In 2006, Don Tapscott and Anthony D. Williams described in their book Wikinomics how a new phenomenon they called mass collaboration was going to change everything. They recognized that this unprecedented capacity for self-organization would give rise to powerful new models of production based on distributed peer-to-peer networks rather than centralized top-down hierarchies. Tapscott and Williams envisioned a world where this new way of organizing would eventually displace traditional corporate structures as the economy’s dominant engine for wealth creation. At the time, many critics dismissed the two authors as being carried away by breathless hype and overstating the impact of the digital revolution. While these critics acknowledged the obvious reality of fast-paced technological innovation, they scoffed at the notion that new technologies would radically change the fundamental dynamics for how our social structures work.
Given that more than a decade later the top-down hierarchy continues to remain the dominant organizational structure, it might be tempting to conclude the critics are right and that the notion that mass collaboration changes everything is indeed nothing more than hype. However, closure at this point might be premature because there’s increasing evidence that we are on the cusp of a new second wave of the digital revolution, which promises to be far more transformative than the already disruptive first wave.
First Wave: The Internet
The first wave of the digital revolution emerged with the dawn of the new century when the Internet created new ways to connect people and get things done. One of the interesting developments of this first wave is that it hasn’t affected all industries equally. If you are in the media, entertainment, retail, or communications industries, your world has been thoroughly transformed. Stalwart names, such as Border’s, Blockbuster, Kodak, Tower Records, and the Encyclopedia Britannica, have been either disrupted or displaced by the upstarts Amazon, Netflix, Apple, Spotify, and Wikipedia. However, if you work in the healthcare, insurance, energy, food processing, or, until recently, the financial services industries, your world has not been heavily impacted by this first wave. For these core economic industries, digital transformation has been essentially limited to digitizing existing product models. Unlike the media and retail industries whose basic business models have been radically disrupted, the longstanding models of the core economic industries have remained essentially the same.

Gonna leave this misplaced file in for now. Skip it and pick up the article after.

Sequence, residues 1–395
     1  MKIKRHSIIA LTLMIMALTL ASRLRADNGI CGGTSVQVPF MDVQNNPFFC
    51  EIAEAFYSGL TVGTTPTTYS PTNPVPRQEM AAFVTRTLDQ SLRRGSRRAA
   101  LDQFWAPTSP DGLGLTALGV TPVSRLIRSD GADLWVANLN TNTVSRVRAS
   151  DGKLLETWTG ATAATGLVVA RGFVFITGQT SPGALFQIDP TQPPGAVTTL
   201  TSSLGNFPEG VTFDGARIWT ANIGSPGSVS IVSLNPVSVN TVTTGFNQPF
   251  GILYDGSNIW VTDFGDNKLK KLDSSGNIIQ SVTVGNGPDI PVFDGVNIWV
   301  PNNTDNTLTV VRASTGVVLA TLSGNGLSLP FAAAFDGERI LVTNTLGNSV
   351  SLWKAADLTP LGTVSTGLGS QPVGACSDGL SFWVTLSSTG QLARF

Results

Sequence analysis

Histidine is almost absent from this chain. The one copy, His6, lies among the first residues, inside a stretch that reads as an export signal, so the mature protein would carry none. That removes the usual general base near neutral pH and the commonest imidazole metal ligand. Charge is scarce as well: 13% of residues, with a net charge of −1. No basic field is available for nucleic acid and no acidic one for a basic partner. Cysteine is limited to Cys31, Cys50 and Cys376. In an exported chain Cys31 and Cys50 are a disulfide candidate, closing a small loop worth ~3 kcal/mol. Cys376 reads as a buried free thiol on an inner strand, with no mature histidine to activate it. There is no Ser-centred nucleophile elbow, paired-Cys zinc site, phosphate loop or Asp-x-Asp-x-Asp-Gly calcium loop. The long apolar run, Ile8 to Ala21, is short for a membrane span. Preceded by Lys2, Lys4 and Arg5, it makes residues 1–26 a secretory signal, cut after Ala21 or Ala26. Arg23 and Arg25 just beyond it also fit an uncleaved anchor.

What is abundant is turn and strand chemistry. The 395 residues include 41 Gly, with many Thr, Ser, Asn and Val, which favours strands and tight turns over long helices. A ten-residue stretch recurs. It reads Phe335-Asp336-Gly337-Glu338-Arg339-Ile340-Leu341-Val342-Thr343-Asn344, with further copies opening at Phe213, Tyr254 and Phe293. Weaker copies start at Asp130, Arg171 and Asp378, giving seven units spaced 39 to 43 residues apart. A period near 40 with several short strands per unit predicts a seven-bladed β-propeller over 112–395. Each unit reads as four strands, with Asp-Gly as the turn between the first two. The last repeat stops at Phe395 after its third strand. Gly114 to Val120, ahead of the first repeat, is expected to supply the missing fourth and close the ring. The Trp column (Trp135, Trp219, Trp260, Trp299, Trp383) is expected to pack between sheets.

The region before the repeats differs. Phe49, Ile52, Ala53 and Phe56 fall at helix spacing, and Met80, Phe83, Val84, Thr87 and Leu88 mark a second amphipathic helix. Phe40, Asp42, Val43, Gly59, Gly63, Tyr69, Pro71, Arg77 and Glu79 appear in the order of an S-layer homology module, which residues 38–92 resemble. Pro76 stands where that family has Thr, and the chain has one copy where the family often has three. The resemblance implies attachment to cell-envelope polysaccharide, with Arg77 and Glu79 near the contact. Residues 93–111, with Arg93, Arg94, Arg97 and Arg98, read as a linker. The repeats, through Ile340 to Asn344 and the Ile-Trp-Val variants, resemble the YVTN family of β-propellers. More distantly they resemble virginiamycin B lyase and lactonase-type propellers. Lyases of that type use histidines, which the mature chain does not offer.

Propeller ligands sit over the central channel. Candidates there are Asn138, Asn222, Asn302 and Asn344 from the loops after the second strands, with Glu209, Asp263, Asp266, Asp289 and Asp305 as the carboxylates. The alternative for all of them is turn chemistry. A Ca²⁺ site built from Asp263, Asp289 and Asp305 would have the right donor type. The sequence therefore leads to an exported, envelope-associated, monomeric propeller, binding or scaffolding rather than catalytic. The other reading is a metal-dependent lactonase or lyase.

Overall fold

However, this is likely to soon change as we see early signs of the arrival of a new wave, which will leave no industry untouched. This second wave will be spawned by an incredibly powerful force, the Internet of Things (IoT), which will not only dramatically accelerate the capacity for mass collaboration, but as Tapscott and Williams foresaw, will indeed change everything.
Second Wave: The Internet of Things
Jeremy Rifken, in The Zero Marginal Cost Society, describes the emerging IoT as the first smart-infrastructure revolution in history because it will allow every human being and every thing to communicate with each other by connecting every machine, business, residence, and vehicle within a single comprehensive operating system. This infrastructure will rapidly take shape over the next decade as the number of sensors grows at exponential speed. In 2007, there were 10 million sensors, by 2013 we achieved 3.5 billion sensors, and by 2030, it is projected that 100 trillion sensors will connect to the IoT.
The IoT has already begun to create a superintelligent network that will allow humans to keep up with the pace of change by making everything more intelligent. According to Steve Case, the founder of AOL, the IoT transforms “the Internet from something we interact with to something that interacts with everything around us.”
One of the most important attributes of the IoT will be its ability to recognize weak signals before they become strong ones, allowing humans to recognize patterns before they cause problems. Weak signals are patterns that a human mind doesn’t notice because these signals are usually understated when they first emerge, and therefore, are likely to remain hidden in plain sight. Perhaps no industry will be more impacted by this attribute than the arguably biggest laggard in the first two decades of the digital revolution: healthcare.